Coca-Cola Falls Flat Tackling Obesity

This past weekend my beloved New England Patriots, a team in the U.S. National Football League, lost in the conference championship game, falling one game short of the Super Bowl. I was devastated and inconsolable, and even as I write this I sadly consider what could have been.

Up until what ultimately became the Patriots’ final game, their season was fantastic. They won 12 out of 16 games and earned the second seed going into the playoffs. But against a motivated Baltimore Ravens team, the wheels came off and the Patriots were handily defeated, at home no less. I wholeheartedly expected the Patriots to at least make the Super Bowl, if not win it. I never expected this. 

I had a similar surprise as I watched Coca-Cola’s two-minute spot addressing the obesity problem, which is often blamed on the soda industry and high-fructose corn syrup. If you haven't seen it, take a look. 


When Political Ads Attack, Everyone Loses

With additional reporting by Adam Uhrynowski.

We’re all familiar with mudslinging in political commercials, debates and speeches. In the recent Iowa caucuses, negative advertising was more apparent than ever. But why do America’s leaders spend so much time pointing out the competition’s flaws and defending their political (and personal) histories rather than promoting themselves? Does it even work? What if brands reverted to this tactic? We’ll answer these questions and more after the jump.


Pepsi’s “Social” Vending is Cool but Somewhat Antisocial

One-upping Coke’s touch-screen dispensers, PepsiCo has unveiled a line of socially enabled vending machines that let caring consumers gift a pop to a friend…or colleague, family member, crush, stranger — anyone, really — regardless of location. What's a socially enabled vending machine? The video says it all after the jump.

Are Super Bowl Ads Worth the Dough?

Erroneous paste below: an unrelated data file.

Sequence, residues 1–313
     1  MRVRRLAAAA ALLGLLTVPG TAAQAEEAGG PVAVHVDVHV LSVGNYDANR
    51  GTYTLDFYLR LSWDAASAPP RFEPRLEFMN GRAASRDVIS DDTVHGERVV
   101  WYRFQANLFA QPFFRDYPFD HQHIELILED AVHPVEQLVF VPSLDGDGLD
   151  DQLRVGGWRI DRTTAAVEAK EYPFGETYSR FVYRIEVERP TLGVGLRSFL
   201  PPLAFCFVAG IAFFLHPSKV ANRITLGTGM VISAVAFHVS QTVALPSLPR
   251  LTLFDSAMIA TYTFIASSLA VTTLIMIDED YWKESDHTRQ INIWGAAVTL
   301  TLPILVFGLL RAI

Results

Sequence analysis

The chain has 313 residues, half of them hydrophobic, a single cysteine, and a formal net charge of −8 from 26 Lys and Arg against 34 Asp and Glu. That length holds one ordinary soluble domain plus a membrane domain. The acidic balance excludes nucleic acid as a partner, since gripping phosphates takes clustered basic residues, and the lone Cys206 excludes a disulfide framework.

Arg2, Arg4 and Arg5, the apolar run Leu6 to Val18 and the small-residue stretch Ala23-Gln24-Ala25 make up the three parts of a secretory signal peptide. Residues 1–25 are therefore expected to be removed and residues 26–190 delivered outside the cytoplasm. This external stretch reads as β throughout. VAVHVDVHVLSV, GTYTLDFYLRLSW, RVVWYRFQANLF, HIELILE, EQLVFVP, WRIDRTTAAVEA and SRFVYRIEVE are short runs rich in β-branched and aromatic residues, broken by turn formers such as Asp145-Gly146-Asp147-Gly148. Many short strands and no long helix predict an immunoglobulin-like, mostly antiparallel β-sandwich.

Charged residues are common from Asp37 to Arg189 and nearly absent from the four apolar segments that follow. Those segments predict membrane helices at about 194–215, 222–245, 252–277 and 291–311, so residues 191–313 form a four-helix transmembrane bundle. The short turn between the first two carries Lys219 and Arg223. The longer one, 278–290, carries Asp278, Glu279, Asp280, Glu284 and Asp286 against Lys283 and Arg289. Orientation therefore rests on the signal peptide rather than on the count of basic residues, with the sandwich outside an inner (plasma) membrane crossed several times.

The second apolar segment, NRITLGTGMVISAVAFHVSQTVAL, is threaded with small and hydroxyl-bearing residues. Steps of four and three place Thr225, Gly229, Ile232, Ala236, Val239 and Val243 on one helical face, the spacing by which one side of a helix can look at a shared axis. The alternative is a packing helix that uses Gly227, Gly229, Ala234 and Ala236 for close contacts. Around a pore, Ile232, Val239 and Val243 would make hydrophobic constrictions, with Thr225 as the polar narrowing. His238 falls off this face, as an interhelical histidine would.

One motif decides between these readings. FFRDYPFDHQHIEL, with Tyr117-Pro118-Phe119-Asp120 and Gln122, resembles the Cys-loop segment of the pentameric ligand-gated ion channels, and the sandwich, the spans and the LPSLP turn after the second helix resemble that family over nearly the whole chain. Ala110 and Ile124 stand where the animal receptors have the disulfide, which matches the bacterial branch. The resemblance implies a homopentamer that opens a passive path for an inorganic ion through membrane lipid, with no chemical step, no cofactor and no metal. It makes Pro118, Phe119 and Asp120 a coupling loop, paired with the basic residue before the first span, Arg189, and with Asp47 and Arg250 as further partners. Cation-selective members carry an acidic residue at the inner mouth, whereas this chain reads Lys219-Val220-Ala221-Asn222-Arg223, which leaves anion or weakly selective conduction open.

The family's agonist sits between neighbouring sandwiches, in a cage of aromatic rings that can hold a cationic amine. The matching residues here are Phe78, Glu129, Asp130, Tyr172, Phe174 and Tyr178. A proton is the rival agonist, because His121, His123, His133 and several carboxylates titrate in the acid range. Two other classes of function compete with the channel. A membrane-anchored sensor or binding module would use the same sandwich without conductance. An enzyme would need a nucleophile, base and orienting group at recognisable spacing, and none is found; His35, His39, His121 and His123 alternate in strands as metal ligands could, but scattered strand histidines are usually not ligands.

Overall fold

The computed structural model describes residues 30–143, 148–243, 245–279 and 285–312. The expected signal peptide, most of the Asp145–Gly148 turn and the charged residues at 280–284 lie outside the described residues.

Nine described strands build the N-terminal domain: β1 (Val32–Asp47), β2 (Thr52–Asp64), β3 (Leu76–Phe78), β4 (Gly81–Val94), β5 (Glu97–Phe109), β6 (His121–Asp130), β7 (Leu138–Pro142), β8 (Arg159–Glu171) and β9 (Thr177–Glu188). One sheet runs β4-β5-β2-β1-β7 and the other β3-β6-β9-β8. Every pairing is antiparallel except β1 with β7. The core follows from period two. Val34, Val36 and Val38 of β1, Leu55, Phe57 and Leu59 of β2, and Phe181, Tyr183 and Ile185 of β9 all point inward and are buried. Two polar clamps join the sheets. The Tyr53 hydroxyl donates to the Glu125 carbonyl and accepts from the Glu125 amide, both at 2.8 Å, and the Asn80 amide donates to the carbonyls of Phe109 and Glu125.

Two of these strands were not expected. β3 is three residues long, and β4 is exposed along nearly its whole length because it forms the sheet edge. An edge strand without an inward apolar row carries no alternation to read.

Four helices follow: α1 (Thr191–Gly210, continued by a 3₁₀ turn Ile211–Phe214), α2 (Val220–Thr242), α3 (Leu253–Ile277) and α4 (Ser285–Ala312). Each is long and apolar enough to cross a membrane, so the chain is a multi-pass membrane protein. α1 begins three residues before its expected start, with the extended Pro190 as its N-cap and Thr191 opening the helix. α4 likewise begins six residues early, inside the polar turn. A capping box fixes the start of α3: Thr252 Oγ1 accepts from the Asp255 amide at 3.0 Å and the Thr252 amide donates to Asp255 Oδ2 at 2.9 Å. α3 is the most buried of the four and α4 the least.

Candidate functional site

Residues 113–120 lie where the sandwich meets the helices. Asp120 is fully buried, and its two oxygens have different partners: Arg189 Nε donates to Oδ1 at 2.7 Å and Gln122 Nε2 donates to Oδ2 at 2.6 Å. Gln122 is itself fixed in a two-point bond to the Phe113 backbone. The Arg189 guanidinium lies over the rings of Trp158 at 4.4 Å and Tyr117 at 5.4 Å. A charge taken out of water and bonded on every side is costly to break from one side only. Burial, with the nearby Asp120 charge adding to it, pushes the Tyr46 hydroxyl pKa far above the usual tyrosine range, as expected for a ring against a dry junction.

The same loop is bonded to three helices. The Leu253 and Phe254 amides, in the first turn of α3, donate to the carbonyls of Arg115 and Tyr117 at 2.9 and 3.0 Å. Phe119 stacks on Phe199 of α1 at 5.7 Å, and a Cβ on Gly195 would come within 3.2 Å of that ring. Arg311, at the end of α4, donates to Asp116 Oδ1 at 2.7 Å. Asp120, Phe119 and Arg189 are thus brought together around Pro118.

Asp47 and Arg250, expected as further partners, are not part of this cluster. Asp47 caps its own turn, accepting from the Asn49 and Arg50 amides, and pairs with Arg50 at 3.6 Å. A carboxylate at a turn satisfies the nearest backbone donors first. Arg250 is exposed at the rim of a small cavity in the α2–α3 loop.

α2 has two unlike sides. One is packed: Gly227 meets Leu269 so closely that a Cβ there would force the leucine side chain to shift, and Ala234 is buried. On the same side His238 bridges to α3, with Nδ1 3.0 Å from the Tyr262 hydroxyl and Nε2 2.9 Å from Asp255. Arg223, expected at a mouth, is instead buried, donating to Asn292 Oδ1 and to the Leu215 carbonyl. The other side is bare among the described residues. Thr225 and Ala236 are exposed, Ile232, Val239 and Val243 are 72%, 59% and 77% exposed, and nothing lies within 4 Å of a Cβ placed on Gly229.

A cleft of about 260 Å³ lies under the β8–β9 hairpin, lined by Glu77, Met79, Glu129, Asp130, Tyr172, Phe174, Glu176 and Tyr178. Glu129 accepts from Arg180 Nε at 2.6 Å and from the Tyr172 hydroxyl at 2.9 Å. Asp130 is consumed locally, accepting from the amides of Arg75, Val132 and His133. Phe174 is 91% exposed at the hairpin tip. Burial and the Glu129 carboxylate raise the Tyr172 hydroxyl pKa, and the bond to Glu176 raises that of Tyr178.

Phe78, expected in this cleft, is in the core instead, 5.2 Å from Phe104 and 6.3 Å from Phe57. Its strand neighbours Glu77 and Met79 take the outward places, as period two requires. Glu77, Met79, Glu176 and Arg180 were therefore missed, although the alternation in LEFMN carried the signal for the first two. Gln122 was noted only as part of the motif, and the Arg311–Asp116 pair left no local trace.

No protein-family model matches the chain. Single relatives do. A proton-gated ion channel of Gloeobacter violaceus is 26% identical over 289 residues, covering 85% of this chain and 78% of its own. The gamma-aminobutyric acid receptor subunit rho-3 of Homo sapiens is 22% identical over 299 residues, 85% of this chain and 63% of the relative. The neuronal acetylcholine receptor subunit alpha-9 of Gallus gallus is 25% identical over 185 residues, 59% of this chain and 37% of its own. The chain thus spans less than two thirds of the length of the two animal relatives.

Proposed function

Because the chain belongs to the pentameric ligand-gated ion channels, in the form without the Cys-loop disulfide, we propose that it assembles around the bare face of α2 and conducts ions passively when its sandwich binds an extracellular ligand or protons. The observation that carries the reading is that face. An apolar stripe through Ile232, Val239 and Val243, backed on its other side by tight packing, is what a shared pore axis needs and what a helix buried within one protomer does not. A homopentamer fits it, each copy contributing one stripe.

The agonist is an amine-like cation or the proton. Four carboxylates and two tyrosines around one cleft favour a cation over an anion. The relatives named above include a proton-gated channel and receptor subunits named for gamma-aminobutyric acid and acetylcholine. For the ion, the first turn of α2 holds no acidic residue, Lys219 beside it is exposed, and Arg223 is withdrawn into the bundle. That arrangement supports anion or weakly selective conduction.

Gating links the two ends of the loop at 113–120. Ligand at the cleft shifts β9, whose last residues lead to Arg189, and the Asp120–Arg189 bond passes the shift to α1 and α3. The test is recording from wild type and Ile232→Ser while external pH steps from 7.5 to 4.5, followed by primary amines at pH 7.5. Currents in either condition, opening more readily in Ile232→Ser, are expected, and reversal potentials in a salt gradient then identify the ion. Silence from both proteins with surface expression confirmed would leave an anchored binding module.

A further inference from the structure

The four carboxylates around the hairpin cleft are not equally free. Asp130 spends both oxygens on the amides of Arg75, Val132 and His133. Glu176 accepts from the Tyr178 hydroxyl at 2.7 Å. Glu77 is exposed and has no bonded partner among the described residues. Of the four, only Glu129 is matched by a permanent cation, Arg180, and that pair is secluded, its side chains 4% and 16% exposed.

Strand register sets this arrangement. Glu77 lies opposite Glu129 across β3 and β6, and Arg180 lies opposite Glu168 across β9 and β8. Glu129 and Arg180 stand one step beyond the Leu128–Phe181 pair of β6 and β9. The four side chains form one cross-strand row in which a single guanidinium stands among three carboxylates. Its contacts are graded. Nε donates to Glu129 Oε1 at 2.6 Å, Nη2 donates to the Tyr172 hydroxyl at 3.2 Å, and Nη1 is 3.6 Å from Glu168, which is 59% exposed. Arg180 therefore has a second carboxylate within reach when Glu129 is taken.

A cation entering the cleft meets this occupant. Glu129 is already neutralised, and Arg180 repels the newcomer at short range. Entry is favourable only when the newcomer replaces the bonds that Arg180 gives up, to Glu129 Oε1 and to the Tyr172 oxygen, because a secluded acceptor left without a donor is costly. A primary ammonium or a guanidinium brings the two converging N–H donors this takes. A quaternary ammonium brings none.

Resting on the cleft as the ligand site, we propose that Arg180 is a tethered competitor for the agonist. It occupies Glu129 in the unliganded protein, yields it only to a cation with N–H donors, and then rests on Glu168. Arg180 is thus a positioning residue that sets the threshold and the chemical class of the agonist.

The New York Times reports that Fox is charging advertisers an estimated $2.8-3 million for every thirty seconds aired during this year’s Super Bowl. Pretty steep, sure, but there's plenty of reason to believe the money is worth it. The Retail Advertising and Marketing Association (RAMA) found that last year 24.3 percent of viewers thought the commercials were more important than the actual game. So advertisers have a captive audience. But are they actually taking away and retaining any information from the ads?


This Soda Pop Eccentric is a Content Marketing Genius

To say that John Nese is passionate about his job is an understatement. When Nese, the proprietor of Galco’s Soda Pop Stop in Los Angeles, was asked to describe his product in one word, he simply replied: “Happy." How about two words? His second answer was “Smile." So who is this wacky soda man who speaks like Frankenstein? Turns out he's a brilliant storyteller. And he had the cajones to stand up to Pepsi.

Media Titan Hearst Joins the Post Advertising Age

Well, well, well. Looks like grand old guard of media's past, Hearst Corporation, has given up the ghost and accepted the new world order. It can be ignored no longer: marketers and brands are fast encroaching on publishing territory as they morph into full-fledged content providers ('Every Company = Media Company'). So, what are cash-strapped media-making giants like Hearst (and others, such as Meredith) to do? Warning: pigs will fly.

Pepsi Ditches the Super Bowl for Social Media

We’re already a few weeks into the new year. So what does the upcoming decade hold for the ad world? Pepsi’s betting on social media (and cause-based marketing). In fact, last December the company announced it would abandon Super Bowl advertising for a $20 million social media campaign.

Singing for Your Breakfast at BK

Burger King wants to get you wet. Really wet. Well, if you like that sort of thing. The brand is pushin’ it with its “Singing in the Shower” campaign for the UK market. Billed as The World’s First Guilt-Free Shower Cam, Brits (or peeping Toms worldwide) can ogle BK’s bikini-clad breakfast babe shamelessly singing and dancing in the shower each morning (9:30 to be exact).